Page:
The advancements being made today in cardiovascular research are unbelievable. Scientists, focusing on the prevention, detection and treatment of cardiovascular disease and related conditions, have discovered a range of factors that contribute to the diseases or that may soon offer cures for conditions once believed to be fatal or irreversible.
The YMCA of Coastal Georgia will host a Mardi Gras Madness event to raise money for scholarships for local families who want to lead healthy and active lifestyles by joining the YMCA.
It's too time-consuming. It's an exercise fad. I'm too old to start. My family will feel neglected. It's too cold; it's too hot. I'm slower than my toddler taking his first steps.
Charges were filed this week against four cancer charities who allegedly misused millions of dollars of donations. According to the Federal Trade Commission, the suit represents one of the largest legal actions against charity fraud to date.
Kendall Coffey is a good person, at least according to her mom.
Whether it’s organic, local, 100 percent fruit or fresh pressed, the cup of juice clutched in your toddler’s hands might as well be soda. When it comes to sugar levels – in the form of fructose - there isn’t much difference between the two.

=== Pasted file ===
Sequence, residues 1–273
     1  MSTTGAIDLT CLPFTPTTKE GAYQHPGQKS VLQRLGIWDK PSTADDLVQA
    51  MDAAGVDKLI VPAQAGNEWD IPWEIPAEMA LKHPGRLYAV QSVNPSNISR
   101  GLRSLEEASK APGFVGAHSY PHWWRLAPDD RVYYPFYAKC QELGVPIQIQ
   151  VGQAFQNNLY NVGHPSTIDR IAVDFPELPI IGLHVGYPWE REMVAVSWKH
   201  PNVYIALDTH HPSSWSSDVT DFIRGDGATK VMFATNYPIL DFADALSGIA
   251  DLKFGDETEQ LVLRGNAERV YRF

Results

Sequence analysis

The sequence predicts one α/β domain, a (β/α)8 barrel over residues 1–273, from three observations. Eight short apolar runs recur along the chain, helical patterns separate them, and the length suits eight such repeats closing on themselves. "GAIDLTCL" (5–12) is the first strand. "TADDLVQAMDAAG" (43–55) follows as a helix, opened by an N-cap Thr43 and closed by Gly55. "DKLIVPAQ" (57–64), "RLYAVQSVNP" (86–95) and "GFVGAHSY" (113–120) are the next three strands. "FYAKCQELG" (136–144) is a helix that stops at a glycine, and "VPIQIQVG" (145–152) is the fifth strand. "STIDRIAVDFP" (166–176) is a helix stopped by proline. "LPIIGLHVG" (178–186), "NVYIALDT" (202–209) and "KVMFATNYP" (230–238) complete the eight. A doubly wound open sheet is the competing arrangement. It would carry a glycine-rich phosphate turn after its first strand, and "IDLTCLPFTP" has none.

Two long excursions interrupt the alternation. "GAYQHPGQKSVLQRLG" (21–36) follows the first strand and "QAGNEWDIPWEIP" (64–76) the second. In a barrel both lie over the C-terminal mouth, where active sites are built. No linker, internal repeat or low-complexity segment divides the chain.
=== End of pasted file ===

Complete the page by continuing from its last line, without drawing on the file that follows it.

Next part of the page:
When Darya Rose was dieting, a day spent avoiding sweets and eating fruits and vegetables would often end with her hand in a bag of trail mix.
A new study holds troubling news for the parents of young children: preschools might not be serving students' physical health needs.
A new study on the best way to motivate people to quit smoking revisited a perennial theme in behavioral science: the power of financial incentives.
If you think skipping lunch will get your body beach ready for summertime, think again.
In the Internet age, health information is only a click (or Google search) away. This ease of access to research studies, medical websites and health articles has both negative and positive consequences, bringing answers as well as anxiety.
Glennis Cadle was depressed, overweight and stressed.
Need a doctor? There's an app for that.
Shopping for natural treatments for everyday ailments could soon become more complicated. The Food and Drug Administration held two days of hearings last week to reconsider whether nontraditional medical remedies should be subject to stricter regulations.
Kim Kardashian West became a published author this week. But instead of being filled with her thoughts on fashion or life in Hollywood, her book, "Selfish," is composed of more than 400 photos of her face.
Chronic snorers might need to put aside their Breathe Right strips and schedule a doctor's appointment. Several recent articles and a new research study have highlighted health risks associated with snoring that often go unacknowledged.
The American Red Cross asks eligible donors to help ensure blood is available for patients in need by giving blood in May before the busy summer season kicks in.